DIY car maintenance
DIY car maintenance

With autumn’s shorter days, cooler temperatures and inclement weather drawing closer, now is a good time to get your car ready for the demands of the coming driving season.

Although some seasonal car maintenance will require the assistance of a qualified car mechanic, here are five, simple do-it-yourself car maintenance projects to make your auto better prepared for fall and save you the labor cost of having these services done by a mechanic.

<< Back to the 2010 Fall Car Guide table of contents.
Change your wiper blades

Change your wiper blades

“Wiper blades should be replaced annually every fall,” says Tony Molla, spokesman for the National Institute for Automotive Service Excellence in Leesburg, Va. “You generally use your wipers more frequently in the fall and winter. They’ll also be taking a lot more abuse from road grime and windshield-washer solvent, so it’s best to have a fresh set then.”

Fortunately, replacing wiper blades as part of car maintenance is very easy and requires no tools. They cost from $10 to $20. Be aware that some cars will require same-sized blades for the driver and passenger sides, while others will require a longer blade for the driver-side wiper. So, be sure to consult the in-store sizing guide to buy the right ones. And don’t forget to buy a third blade if you own a hatchback, station wagon or SUV, with a wiper for the rear window.

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Check your spare tire

Check your spare tire

“Autumn is also a good time to check your spare tire to ensure that it is properly inflated,” says Jim Travers, associate editor for autos at Consumer Reports and familiar with car maintenance. The typical space-saver spare tire found in most cars must be inflated to the inflation pressure listed on the side of the tire. A tire pressure gauge costs $7 to $20.

“Spare tires on pickup trucks and sport utilities are suspended underneath the vehicle on a cable, and that mechanism requires regular attention,” says Pat Goss, master technician of PBS’s “MotorWeek.” Lower and raise that under-car spare to check if the cable mechanism works freely. In fall, spray it with a rust penetrant like WD-40 and then lube with white lithium grease. If the mechanism has seized, repair it immediately.

Tire pressure drops one PSI, or pound per square inch, for every 10-degree drop in temperature, according to the AAA, so check your tires on a weekly basis. The proper inflation pressure will generally be listed in your vehicle’s owner manual and/or noted on a sticker located on the driver’s doorjamb.

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Check and top off fluids

Check and top off fluids

“In fall, windshield-washer fluid needs to be replaced with a solvent that is suited for use in cold weather,” says Molla. The washer fluid costs $2 to $4 per gallon, depending on the brand and whether it has antifreeze mixed in.

Travers says autumn is also a good time to check your level of antifreeze ($10 to $16 per gallon) in the coolant recovery reservoir. In this car maintenance move, if you find that you are below the required minimum stamped onto the side of that opaque container, add the appropriate quantity of properly diluted fluid to that reservoir and not to the radiator. Make sure that you use the correct fluid because green and orange antifreeze/coolant cannot be mixed.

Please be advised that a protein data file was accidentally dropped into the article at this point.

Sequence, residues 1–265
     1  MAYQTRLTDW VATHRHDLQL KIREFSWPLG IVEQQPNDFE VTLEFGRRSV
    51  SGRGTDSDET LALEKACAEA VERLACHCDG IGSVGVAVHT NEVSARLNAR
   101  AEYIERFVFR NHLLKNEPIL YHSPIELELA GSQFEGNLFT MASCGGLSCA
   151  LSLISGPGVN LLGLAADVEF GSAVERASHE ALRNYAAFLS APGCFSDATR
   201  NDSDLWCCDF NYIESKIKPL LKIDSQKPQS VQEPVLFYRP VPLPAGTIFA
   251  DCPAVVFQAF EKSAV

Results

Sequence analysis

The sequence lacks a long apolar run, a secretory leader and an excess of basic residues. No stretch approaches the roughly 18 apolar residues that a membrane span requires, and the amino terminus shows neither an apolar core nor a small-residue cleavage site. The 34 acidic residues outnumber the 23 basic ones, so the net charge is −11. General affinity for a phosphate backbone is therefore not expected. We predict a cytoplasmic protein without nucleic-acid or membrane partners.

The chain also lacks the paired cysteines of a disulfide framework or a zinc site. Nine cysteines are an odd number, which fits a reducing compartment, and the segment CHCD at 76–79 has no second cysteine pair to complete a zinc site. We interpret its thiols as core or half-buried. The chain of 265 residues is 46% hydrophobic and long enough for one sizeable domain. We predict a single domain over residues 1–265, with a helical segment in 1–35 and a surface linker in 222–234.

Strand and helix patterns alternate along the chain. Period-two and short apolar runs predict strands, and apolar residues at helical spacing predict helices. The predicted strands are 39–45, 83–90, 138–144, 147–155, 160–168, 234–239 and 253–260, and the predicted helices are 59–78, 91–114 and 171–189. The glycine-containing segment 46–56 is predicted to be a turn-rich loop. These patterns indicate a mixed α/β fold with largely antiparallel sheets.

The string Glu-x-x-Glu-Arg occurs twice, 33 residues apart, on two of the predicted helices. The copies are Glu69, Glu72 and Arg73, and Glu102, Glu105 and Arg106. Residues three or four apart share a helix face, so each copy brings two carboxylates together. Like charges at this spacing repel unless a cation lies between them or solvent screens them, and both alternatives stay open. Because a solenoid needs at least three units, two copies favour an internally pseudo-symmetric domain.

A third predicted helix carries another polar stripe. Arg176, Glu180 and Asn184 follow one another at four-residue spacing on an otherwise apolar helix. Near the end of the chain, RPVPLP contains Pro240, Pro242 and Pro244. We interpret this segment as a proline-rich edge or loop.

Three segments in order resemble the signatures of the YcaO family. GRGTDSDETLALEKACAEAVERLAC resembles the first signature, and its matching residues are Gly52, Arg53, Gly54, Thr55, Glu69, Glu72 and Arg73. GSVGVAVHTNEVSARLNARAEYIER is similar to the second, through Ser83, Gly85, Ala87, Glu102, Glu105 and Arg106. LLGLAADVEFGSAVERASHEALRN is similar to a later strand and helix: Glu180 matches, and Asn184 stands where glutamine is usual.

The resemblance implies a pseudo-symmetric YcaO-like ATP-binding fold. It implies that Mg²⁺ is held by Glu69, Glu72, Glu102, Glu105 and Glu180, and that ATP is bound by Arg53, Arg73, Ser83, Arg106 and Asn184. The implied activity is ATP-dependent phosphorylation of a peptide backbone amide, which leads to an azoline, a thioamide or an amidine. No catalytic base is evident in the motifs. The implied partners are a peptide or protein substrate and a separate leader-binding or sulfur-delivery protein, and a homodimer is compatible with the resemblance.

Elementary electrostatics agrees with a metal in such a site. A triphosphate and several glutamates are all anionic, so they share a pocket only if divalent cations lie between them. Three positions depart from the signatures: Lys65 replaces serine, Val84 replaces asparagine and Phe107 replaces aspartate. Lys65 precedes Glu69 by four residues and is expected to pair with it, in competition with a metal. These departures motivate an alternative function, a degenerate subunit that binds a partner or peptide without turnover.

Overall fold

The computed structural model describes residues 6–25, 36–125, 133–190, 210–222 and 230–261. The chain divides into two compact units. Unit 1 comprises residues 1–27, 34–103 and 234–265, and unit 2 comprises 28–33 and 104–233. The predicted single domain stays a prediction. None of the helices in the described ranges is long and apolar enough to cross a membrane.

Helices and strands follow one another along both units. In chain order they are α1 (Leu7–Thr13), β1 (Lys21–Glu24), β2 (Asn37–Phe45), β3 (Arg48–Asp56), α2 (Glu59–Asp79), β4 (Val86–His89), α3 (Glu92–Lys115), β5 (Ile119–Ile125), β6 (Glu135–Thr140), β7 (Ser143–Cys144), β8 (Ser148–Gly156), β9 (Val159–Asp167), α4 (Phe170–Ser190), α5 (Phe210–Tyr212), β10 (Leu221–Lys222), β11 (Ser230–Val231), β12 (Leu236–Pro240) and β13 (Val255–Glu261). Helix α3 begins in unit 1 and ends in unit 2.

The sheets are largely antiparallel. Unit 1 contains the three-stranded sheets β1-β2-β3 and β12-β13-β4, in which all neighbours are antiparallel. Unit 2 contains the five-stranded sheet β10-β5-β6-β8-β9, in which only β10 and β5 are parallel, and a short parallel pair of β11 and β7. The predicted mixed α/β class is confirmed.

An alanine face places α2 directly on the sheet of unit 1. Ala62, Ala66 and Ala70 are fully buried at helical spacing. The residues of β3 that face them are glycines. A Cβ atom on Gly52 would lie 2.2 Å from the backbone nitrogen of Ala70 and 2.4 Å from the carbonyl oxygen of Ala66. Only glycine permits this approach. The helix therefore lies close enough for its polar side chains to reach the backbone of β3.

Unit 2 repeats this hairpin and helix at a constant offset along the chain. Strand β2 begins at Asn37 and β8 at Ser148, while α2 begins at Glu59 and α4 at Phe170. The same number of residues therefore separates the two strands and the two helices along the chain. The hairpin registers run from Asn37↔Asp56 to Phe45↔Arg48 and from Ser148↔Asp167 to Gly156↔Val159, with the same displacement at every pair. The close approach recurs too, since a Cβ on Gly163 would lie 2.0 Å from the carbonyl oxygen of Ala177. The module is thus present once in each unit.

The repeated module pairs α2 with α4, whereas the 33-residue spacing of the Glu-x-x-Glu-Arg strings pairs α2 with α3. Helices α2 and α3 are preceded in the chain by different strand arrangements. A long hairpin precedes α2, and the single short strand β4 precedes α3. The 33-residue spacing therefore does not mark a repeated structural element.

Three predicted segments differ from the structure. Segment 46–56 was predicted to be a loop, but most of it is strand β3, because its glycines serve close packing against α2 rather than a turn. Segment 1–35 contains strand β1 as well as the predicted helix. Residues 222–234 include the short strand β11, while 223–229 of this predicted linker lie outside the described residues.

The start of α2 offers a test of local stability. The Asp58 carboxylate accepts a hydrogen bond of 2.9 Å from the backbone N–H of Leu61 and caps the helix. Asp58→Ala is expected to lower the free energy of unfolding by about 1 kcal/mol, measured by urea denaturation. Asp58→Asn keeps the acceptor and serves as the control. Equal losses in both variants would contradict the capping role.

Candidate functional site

Checking the brake-fluid reservoir is also a good idea. If the level is low, top it off with the appropriate type of brake fluid ($3.50 to $17 per container, depending on the type). “As your brakes wear, it’s normal for the fluid to go down a bit,” says Molla. “However, if you notice a bigger decrease, that could be an indication that you have a leak or other issue in the braking system.”

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Replace the air filter

Replace the air filter

At a minimum, engine air filters ($11.50 to $53 per filter, depending on brand) should be replaced twice per year as part of car maintenance. So, if you haven’t done so already, replacing your car’s air filter is a good idea. When an air filter reaches the point where it causes enough of a pressure drop to restrict airflow, the car’s fuel economy, performance and emissions begin to deteriorate, getting progressively worse until the dirty filter is replaced.

“Fortunately, it’s easy to replace an engine air filter and, again, it’s a job anyone can do without tools,” says Travers.

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Check battery terminals and lights

Check battery terminals and lights

Many electrical issues and ignition problems stem from loose or corroded battery connections,” says Travers. “If you notice corrosion on the posts or cable connectors, use an appropriate brush ($4 per brush.) This is a very inexpensive, yet handy tool that you can get at any auto parts store. And clean both (posts) completely, and then reconnect everything snuggly and securely.”

As part of regular car maintenance, and for safety, make sure all of the car’s lights are working; it’s important for you to see, as well as be seen, during autumn’s longer and darker nights, adds Molla. “Replacement bulbs will typically cost a dollar or two, with the exception of headlight bulbs, of course. They’re considerably more expensive, but you can replace them all quite easily on your own without tools and save yourself a hefty labor charge in the process.”

Headlight bulbs range in price from $14 to $27 for a single bulb to $25 to $50 for a dual pack.

<< Back to the 2010 Fall Car Guide table of contents.
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